Trillion-frame-per-second video camera is world’s fastest

December 13, 2011

A time-lapse visualization of the spherical fronts of advancing light (credit: MIT Media Lab)

MIT researchers have created a new imaging system that can acquire visual data at a rate of one trillion exposures per second.

Media Lab postdoc Andreas Velten, one of the system’s developers, calls it the “ultimate” in slow motion: “There’s nothing in the universe that looks fast to this camera,” he says.

The system relies on a recent technology called a streak camera, a $250,000 device deployed in a totally unexpected way. The aperture of the streak camera is a narrow slit. Photons enter the camera through the slit and pass through an electric field that deflects them in a direction perpendicular to the slit. Because the electric field is changing very rapidly, it deflects late-arriving photons more than it does early-arriving ones.

The image produced by the camera is thus two-dimensional, but only one of the dimensions — the one corresponding to the direction of the slit — is spatial. The other dimension, corresponding to the degree of deflection, is time. The image thus represents the time of arrival of photons passing through a one-dimensional slice of space.

The camera was intended for use in experiments where light passes through or is emitted by a chemical sample. Since chemists are chiefly interested in the wavelengths of light that a sample absorbs, or in how the intensity of the emitted light changes over time, the fact that the camera registers only one spatial dimension is irrelevant.

But it’s a serious drawback in a video camera. To produce their super-slow-mo videos, Velten, Media Lab Associate Professor Ramesh Raskar and Moungi Bawendi, the Lester Wolfe Professor of Chemistry, must perform the same experiment — such as passing a light pulse through a bottle — over and over, continually repositioning the streak camera to gradually build up a two-dimensional image.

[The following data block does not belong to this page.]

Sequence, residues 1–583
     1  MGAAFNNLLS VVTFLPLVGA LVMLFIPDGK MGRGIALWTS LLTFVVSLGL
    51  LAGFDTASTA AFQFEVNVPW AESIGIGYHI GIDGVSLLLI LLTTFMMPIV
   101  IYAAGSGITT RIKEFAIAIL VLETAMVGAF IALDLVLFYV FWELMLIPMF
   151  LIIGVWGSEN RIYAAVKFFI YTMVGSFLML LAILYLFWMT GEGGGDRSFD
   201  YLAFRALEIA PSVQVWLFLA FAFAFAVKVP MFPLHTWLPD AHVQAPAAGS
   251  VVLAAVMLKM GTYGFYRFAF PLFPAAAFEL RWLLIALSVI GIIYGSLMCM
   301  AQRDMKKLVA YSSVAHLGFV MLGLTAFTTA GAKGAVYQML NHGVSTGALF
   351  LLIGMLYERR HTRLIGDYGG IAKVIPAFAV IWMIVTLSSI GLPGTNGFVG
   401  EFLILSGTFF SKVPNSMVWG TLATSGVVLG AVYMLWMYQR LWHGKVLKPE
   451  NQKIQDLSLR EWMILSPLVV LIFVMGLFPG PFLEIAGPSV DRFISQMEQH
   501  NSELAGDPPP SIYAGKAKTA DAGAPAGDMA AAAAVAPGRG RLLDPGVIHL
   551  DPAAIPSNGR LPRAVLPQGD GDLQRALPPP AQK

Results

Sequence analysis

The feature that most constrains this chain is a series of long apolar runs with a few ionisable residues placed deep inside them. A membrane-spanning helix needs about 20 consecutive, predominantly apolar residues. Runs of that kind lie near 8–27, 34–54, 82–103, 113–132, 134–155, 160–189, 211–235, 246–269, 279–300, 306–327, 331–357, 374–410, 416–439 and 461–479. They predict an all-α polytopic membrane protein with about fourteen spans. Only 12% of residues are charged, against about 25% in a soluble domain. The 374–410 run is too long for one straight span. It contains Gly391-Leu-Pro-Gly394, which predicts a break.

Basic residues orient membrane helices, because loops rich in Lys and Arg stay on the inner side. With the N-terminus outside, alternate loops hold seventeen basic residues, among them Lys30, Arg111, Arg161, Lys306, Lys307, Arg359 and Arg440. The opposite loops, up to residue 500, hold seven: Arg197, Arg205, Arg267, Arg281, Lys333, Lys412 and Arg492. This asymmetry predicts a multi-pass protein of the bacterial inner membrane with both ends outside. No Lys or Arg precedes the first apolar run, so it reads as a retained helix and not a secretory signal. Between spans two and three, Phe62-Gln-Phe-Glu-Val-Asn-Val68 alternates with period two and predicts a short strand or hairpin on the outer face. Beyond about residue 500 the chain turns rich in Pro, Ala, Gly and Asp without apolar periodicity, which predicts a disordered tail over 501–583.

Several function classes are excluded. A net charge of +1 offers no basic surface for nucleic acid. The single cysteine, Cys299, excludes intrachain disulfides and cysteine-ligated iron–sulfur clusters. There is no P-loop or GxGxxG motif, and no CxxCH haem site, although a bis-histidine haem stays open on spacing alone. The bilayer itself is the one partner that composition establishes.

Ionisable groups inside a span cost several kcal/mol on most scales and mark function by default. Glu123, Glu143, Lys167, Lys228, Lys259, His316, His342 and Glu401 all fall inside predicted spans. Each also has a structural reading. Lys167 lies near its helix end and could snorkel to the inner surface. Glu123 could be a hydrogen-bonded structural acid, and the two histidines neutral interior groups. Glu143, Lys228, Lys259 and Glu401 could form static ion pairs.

Synchronizing the camera and the laser that generates the pulse, so that the timing of every exposure is the same, requires a battery of sophisticated optical equipment and exquisite mechanical control. It takes only a nanosecond for light to scatter through a bottle, but it takes about an hour to collect all the data necessary for the final video. For that reason, Raskar calls the new system “the world’s slowest fastest camera.”

Because the ultrafast-imaging system requires multiple passes to produce its videos, it can’t record events that aren’t exactly repeatable. Any practical applications will probably involve cases where the way in which light scatters — or bounces around as it strikes different surfaces — is itself a source of useful information. Those cases may, however, include analyses of the physical structure of both manufactured materials and biological tissues — “like ultrasound with light,” as Raskar puts it.

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